Brickbats to Phillip Rawls and his layers of editors at the Associated Press.
Vietnam war hero and former Alabama Senator Jeremiah Denton died on Friday. He was an incredibly courageous and inspiring man who after his return from 7-1/2 years as a POW in North Vietnam became deeply troubled at where this nation was (and still is) headed. Unsurprisingly, he became a strong pro-life and family values advocate. Apparently following an unwritten rule at AP which dictates that a writer must take at least one parting shot at a conservative upon his or her death (see: Tony Snow), Rawls took two, twice describing Denton as "rigid" (includes video of a portion of his 1966 "torture" interview; bolds are mine):
JEREMIAH DENTON, VIETNAM POW AND EX-SENATOR, DIES
Prisoner of war Jeremiah Denton declared his loyalty to the U.S. government during a 1966 interview for what was supposed to be a propaganda film. But his enraged captors missed his more covert message: "T-O-R-T-U-R-E," blinked into the camera in Morse code, a dispatch that would alert the U.S. military to the conditions he endured.
Denton, who would survive 7 1/2 years confined in a tiny, stinking, windowless cell at the infamous "Hanoi Hilton" and other camps before his release in 1973, died of heart problems Friday in Virginia Beach, Va., at age 89, his grandson Edward Denton said.
... He said his captors never brought him out for another interview. But with the war's end drawing closer, he was released in February 1973.
... The elder Denton later became the first Republican from Alabama elected to the U.S. Senate since Reconstruction, though the iron will that allowed him to persevere in captivity gave rise to criticism he was too rigid a politician.
... He was promoted to rear admiral and retired from the Navy in November 1977. Denton then turned to politics, despite having no experience running for a statewide political office. With Ronald Reagan atop the GOP ticket, Denton became the first Republican elected to the Senate from Alabama since the Reconstruction era following the Civil War.
... "The valor that he and his fellow POWs displayed was deeply inspiring to our nation at the time, and it continues to inspire our brave men and women who serve today," President Barack Obama said in a statement. "As Senator, he served as a strong advocate for our national security. He leaves behind a legacy of heroic service to his country, and Michelle and I send our condolences to the Denton family."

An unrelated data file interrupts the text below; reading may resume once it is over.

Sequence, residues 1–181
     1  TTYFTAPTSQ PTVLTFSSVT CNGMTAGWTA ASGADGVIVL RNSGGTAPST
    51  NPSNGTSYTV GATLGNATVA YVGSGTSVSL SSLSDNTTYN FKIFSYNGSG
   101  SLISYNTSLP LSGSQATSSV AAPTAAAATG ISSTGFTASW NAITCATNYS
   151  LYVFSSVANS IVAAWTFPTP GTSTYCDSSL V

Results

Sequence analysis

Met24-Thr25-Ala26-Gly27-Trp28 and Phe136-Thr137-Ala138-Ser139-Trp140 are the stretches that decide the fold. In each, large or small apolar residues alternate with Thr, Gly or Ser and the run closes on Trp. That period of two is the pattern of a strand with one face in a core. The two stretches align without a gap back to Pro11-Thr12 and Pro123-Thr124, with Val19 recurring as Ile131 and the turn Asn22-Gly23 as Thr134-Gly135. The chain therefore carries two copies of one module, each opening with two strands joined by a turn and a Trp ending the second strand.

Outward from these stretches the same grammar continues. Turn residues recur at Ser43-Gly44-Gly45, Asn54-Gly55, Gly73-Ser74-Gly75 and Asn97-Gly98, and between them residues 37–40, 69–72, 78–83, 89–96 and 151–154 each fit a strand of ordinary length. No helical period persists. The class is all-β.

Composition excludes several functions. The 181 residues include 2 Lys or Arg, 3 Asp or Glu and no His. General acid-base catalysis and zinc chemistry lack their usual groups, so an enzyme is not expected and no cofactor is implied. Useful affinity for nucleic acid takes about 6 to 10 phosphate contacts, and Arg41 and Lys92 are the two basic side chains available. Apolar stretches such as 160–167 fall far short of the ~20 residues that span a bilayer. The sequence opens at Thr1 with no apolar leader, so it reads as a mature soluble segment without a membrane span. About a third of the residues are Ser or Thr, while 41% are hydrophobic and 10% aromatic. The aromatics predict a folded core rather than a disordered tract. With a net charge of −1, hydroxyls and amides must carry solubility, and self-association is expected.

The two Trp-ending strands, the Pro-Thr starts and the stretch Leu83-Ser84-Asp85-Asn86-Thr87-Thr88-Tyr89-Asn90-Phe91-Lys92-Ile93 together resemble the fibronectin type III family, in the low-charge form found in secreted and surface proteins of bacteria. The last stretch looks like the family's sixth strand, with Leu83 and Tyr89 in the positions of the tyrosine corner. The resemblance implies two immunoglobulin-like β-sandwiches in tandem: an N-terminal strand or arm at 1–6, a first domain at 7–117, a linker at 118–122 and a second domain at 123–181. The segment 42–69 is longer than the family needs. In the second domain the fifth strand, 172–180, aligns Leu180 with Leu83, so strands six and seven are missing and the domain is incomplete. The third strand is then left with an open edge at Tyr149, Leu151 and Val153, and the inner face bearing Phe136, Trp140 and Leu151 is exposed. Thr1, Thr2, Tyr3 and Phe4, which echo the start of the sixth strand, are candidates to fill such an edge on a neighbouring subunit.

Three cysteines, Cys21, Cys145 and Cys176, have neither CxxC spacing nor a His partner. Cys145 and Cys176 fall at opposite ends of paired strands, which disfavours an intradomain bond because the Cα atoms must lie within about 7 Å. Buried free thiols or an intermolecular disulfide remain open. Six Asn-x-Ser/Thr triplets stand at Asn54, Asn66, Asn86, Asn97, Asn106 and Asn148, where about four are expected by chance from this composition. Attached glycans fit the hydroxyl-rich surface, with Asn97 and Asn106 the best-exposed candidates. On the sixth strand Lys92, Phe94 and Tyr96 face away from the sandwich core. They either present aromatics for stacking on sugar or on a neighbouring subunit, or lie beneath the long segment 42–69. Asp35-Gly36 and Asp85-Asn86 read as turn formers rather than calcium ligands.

In Washington, he was a Reagan loyalist, a defender of military might and an advocate for a return to traditional family values and conservative stands on moral issues. But critics said his rigid stands left him no room for political compromise and lessened his influence, limiting his ability to help Alabama.
In this case, "critics said" really means: "We want to tell readers too young to remember that."
Of course, Rawls provided no evidence how the "rigid" (what is better seen as "firmly principled") Denton failed to sufficiently "help" his home state.
In researching press coverage of Denton from when he was a senator, I came across a 1981 column by the late Mary McGrory which (for her) was reasonably balanced. But those who click through will also see a cartoon by Pat Oliphant showing that hideous criticisms of the pro-life movement go back several decades. The caption reads, "Aha! Holding hands! That's the beginning of life! Next thing you know she'll want an abortion!" What a jerk.
I suspect that it's the combination of Denton's "rigid" defense of the unborn and his status as a remarkable war hero which gave his pro-life position enhanced credibility which most got under the skins of the liberal elite.
Rest in peace, Admiral.
Cross-posted at BizzyBlog.com.